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April-Feb fiscal deficit hits 120% of FY18 target

March 29, 2018 16:31 IST

The fiscal deficit rose primarily on the back of lower non-tax revenues, which came in at 60 per cent of full-year target, compared with 62.4 per cent for the same period last year.

The Centre’s April-February fiscal deficit came in at Rs 7.15 trillion, a staggering 120.3 per cent of the full-year Revised Estimates (RE) of Rs 5.95 trillion.

 

The official data was released on Wednesday.

With numbers for March unreleased, meeting the revised fiscal deficit target of containing the deficit at 3.5 per cent of gross domestic product for the year will be an uphill task minus the expenditure squeeze.

However, the finance ministry asserted that the target will be met, which means expenditure might be curtailed substantially or carried forward to next year.

The fiscal deficit rose primarily on the back of lower non-tax revenues, which came in at 60 per cent of full-year target, compared with 62.4 per cent for the same period last year.

Due to lower-than-expected dividends from state-owned companies and lenders, the dividend target for 2017-18 was revised downwards to Rs 1.06 trillion, from Rs 1.46 trillion.

There is uncertainty regarding that as well, as the Reserve Bank of India may still refuse to pay the extra Rs 130 billion in surplus that the Centre is asking from it.

Fiscal deficit for April-February 2016-17 was 113.4 per cent of the full-year Budget Estimates.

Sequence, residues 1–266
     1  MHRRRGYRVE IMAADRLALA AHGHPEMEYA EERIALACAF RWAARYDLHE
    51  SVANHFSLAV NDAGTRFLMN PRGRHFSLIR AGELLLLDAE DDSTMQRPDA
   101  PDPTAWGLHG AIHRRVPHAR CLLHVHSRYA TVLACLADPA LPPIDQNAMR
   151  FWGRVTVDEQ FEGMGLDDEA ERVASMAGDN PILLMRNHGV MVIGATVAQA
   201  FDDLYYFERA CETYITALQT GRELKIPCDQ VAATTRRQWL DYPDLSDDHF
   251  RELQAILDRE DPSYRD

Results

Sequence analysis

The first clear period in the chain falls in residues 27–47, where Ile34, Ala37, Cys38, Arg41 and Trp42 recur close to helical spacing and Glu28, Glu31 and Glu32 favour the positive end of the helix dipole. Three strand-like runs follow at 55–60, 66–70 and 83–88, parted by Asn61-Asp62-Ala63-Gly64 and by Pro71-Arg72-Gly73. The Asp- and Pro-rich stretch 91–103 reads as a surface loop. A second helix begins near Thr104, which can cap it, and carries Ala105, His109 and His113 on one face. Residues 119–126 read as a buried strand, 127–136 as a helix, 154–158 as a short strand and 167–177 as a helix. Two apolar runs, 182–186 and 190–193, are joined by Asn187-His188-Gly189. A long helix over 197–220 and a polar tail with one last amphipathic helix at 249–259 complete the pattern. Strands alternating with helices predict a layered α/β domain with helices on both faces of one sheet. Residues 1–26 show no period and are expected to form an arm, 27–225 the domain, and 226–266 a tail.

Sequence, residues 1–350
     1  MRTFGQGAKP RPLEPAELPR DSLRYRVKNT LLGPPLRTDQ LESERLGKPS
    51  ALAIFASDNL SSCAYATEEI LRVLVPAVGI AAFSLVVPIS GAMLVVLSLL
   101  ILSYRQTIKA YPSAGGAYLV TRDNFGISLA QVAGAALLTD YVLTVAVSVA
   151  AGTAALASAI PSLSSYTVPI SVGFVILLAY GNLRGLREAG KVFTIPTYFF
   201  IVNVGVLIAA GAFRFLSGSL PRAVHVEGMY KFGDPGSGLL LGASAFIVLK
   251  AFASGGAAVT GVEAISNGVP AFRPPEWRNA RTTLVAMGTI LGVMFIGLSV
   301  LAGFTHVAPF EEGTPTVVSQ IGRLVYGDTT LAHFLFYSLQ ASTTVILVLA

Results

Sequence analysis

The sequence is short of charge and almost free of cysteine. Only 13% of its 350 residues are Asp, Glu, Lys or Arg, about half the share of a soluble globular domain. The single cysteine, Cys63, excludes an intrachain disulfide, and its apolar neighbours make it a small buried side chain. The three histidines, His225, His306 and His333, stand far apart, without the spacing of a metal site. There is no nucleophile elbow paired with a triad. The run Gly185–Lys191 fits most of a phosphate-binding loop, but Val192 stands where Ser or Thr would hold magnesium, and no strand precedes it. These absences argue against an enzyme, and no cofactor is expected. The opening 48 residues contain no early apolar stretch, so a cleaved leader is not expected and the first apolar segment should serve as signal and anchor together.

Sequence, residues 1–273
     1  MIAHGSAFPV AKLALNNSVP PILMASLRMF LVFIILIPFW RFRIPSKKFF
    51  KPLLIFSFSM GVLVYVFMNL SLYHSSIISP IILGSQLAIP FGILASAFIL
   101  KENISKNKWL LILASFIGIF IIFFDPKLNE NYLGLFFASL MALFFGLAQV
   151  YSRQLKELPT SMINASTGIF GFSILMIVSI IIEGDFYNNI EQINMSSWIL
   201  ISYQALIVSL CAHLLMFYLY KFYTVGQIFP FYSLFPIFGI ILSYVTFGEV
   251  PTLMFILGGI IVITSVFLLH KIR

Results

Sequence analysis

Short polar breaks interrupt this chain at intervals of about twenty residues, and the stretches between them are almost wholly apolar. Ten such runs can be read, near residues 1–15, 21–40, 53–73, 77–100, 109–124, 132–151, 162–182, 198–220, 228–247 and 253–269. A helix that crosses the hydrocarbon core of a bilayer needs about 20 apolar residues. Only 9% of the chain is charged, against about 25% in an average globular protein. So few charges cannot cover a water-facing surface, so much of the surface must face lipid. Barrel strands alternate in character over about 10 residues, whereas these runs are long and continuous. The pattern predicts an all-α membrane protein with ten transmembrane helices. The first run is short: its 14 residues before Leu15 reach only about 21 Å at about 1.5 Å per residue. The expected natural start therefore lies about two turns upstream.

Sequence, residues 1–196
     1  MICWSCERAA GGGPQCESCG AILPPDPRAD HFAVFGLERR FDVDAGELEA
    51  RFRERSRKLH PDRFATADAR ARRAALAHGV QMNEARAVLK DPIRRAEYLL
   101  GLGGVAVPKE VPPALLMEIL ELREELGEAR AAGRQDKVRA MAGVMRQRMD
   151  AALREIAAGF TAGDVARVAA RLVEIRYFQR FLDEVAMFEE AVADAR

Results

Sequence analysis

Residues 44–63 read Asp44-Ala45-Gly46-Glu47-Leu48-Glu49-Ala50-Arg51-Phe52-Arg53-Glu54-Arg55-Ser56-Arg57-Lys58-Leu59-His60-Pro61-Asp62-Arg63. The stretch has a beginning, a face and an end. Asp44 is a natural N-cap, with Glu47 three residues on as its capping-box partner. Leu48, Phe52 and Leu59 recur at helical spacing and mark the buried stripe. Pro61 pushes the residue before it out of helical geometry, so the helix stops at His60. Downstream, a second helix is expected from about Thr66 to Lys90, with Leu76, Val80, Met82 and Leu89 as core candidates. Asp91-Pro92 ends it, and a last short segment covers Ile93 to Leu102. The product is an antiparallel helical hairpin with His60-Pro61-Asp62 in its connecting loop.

Finance secretary Hasmukh Adhia said that the finance ministry on Wednesday reviewed the fiscal position of the entire financial year.

“We are meeting the fiscal deficit target. We are very optimistic. Today, we reviewed the position. We shall meet the target,” Adhia told reporters.

Aditi Nayar, principal economist, Icra, said notwithstanding the healthy growth in the Centre’s tax revenue and disinvestment proceeds in April 2017-February 2018 relative to the expansion in total expenditure, the fiscal deficit printed 20 per cent higher than the RE for FY2018 on account of lagging non-tax revenues.

She said that the extent to which the non-tax revenues can be shored up in March 2018 would crucially determine if fiscal deficit breaches the RE.

“Moreover, total expenditure needs to contract by 2 per cent on a year-on-year basis in March 2018, to avoid exceeding the level included in this year’s RE,” Nayar said.

Total expenditure for April-February was 90 per cent of full-year RE, compared with 87 per cent last year. Capital expenditure shot up to 109 per cent of the year’s target, compared with 77 per cent last year.

As a percentage of yearly RE, tax revenues were at the same level, compared to last year, but total receipts were 79 per cent of full-year target, compared with 77 per cent last year.

Icra’s Nayar said that the new fiscal deficit data may lead to a rise in yields of government securities, reversing some of the easing recorded after the Centre announced an easier-than-anticipated borrowing calendar for the first half of 2018-19.

Photograph: Adnan Abidi/Reuters

Arup Roychoudhury New Delhi
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